Core Skills Activity #5: Page Layout

Mark Newhouse

The particular page given to us to redesign was interesting because it presents two possibilities for the main content. The title of the page is Contact Information, implying that the various means of contacting the (mock) university would be the emphasized content. However the list of links overwhelms the aforementioned content, and itself could be the real content on the page: a list of links to the various departments, which would have their own, more specific contact information.

So I made a page for each scenario.

The first layout emphasizes the general contact info by packaging the 50 or so links into a pop-up menu (FORM select list). This list comes at the end of the markup, so there is no need to skip over the links, as they comprise the last bits of content (structurally) on the page. This page displays all the content in an 800x600 browser window, but the links are essentially hidden from sighted users.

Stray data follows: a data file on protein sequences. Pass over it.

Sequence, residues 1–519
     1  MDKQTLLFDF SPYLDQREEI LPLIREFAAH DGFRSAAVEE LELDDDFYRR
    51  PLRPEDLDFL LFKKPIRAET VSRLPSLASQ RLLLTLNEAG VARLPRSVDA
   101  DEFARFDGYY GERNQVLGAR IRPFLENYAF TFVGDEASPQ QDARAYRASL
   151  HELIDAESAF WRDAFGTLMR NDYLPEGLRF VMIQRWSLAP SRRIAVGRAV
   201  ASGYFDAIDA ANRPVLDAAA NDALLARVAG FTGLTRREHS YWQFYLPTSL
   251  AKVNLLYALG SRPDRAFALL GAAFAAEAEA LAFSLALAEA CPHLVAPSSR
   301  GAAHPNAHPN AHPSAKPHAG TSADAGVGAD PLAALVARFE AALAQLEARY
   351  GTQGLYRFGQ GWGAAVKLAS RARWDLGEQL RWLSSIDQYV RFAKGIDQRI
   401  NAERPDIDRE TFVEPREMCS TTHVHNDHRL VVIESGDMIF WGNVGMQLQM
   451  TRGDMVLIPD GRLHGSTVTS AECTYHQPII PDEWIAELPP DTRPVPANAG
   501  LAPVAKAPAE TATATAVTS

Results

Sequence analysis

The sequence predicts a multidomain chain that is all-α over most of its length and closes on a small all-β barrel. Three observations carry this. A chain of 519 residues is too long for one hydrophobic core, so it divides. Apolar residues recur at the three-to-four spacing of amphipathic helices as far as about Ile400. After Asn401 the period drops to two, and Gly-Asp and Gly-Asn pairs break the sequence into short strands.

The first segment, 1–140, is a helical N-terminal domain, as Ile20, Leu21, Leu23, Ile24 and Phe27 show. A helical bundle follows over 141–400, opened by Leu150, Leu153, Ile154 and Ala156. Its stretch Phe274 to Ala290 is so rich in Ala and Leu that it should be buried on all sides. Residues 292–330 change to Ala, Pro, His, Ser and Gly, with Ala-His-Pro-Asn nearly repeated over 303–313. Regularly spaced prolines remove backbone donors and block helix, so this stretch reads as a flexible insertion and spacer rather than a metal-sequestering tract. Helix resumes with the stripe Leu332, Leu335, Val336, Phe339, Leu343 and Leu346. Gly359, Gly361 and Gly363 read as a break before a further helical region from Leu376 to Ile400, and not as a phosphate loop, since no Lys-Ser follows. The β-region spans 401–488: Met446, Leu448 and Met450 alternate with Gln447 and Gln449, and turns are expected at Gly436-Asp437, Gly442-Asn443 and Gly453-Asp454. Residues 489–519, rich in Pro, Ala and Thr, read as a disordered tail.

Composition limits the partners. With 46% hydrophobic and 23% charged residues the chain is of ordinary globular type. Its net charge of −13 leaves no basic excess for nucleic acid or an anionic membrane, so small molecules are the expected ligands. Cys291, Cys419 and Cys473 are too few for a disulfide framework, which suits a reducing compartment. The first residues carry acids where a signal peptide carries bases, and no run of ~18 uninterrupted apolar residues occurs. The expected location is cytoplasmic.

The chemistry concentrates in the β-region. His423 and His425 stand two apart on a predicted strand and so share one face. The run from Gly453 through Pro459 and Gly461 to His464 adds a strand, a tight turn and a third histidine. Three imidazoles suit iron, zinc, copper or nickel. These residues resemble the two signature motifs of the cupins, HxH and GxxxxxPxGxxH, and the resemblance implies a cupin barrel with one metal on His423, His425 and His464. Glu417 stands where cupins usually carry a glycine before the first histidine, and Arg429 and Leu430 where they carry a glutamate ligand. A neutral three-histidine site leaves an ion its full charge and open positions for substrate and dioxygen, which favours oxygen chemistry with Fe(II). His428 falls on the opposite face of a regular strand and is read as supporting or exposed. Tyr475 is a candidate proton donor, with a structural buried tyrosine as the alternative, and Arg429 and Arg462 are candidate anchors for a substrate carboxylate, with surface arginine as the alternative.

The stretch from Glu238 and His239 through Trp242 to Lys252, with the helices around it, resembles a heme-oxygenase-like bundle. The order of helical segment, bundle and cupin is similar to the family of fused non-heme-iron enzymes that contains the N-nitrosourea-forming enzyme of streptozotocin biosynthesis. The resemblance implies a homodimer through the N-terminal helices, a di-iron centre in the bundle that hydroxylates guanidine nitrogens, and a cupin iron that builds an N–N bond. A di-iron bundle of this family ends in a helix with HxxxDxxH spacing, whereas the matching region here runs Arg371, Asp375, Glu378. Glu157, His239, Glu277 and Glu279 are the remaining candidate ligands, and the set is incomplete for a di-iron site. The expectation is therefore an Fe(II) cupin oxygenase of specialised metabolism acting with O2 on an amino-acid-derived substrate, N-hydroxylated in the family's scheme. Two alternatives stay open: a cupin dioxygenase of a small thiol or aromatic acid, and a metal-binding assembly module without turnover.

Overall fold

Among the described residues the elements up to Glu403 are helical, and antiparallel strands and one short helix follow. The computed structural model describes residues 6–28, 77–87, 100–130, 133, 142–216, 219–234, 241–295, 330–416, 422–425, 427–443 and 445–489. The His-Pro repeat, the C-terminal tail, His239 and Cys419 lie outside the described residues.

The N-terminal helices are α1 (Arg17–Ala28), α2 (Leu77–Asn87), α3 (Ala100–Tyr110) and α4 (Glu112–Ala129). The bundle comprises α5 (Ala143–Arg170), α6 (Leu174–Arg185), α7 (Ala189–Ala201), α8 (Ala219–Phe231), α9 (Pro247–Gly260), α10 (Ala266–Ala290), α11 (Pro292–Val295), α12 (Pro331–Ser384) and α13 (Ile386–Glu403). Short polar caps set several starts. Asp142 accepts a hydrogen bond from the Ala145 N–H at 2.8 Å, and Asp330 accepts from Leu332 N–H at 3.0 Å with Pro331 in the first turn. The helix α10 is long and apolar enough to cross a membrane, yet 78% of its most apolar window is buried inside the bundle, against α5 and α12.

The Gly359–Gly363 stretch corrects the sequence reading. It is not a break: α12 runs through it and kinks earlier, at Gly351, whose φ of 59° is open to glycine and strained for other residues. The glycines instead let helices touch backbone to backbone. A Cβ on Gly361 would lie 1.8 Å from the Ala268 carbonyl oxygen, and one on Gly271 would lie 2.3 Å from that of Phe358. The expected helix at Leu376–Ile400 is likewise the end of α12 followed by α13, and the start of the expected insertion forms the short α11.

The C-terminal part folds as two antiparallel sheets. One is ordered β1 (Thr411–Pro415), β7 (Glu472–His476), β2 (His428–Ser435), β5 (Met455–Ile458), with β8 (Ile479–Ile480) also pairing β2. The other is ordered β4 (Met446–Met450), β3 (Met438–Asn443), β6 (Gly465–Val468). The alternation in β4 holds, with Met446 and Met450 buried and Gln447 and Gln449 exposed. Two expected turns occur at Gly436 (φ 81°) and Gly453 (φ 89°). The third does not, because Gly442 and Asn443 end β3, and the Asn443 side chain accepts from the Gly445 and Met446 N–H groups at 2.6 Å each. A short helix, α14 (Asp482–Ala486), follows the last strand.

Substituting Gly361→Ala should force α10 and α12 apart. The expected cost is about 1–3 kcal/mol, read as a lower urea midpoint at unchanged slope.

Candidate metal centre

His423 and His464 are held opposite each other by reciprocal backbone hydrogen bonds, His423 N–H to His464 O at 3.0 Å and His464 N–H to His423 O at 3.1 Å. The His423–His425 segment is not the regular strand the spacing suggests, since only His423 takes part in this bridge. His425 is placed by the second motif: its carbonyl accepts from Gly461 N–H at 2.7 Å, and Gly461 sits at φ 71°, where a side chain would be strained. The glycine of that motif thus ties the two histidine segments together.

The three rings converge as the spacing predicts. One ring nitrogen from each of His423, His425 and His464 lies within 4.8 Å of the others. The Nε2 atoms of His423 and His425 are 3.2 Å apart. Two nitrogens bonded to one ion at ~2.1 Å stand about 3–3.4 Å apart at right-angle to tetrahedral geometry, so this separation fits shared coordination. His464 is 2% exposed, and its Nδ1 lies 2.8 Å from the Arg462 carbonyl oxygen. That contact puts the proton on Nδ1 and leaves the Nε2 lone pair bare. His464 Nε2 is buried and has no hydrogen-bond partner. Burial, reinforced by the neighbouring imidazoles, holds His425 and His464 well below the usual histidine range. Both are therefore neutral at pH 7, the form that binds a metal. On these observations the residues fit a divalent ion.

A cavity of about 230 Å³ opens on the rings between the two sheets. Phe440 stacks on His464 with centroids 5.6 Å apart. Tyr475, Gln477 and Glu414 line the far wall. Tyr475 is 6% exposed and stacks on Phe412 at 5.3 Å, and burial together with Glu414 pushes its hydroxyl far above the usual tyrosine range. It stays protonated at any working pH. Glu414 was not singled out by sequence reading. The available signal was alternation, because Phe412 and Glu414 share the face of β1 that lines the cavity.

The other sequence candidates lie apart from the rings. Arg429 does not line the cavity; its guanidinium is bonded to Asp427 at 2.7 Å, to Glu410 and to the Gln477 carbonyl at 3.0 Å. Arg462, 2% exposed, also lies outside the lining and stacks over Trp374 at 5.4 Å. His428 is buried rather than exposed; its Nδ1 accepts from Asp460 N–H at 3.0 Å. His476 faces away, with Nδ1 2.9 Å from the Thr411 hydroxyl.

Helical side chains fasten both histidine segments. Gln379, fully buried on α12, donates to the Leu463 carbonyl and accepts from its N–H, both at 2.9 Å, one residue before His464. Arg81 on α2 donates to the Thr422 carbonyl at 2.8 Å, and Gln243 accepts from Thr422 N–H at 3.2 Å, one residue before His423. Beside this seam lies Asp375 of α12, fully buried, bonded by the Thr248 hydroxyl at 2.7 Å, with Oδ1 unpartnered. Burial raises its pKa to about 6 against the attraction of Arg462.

The second layout does the opposite, relegating the general contact information to the right side of the screen. I then used CSS to redefine what an Unordered List looks like, and broke the links into smaller groupings. The result is that CSS enabled browsers see the lists as groups of links separated by vertical lines, and non-CSS browsers (and voice browsers) display them as regular UL lists. While this solution does not keep everything "above the fold," It does show all of the content on the page, and compresses that information rather nicely for those visual browsers that can handle it. Since the long list of links comes midway between the introductory text and the general contact information I have provided a link to that information that skips over the 50 or so links.

I prefer the second version due to its elegant (IMNSHO :) solution to compressing the list of links, while still displaying all the information on the page, while still appearing balanced.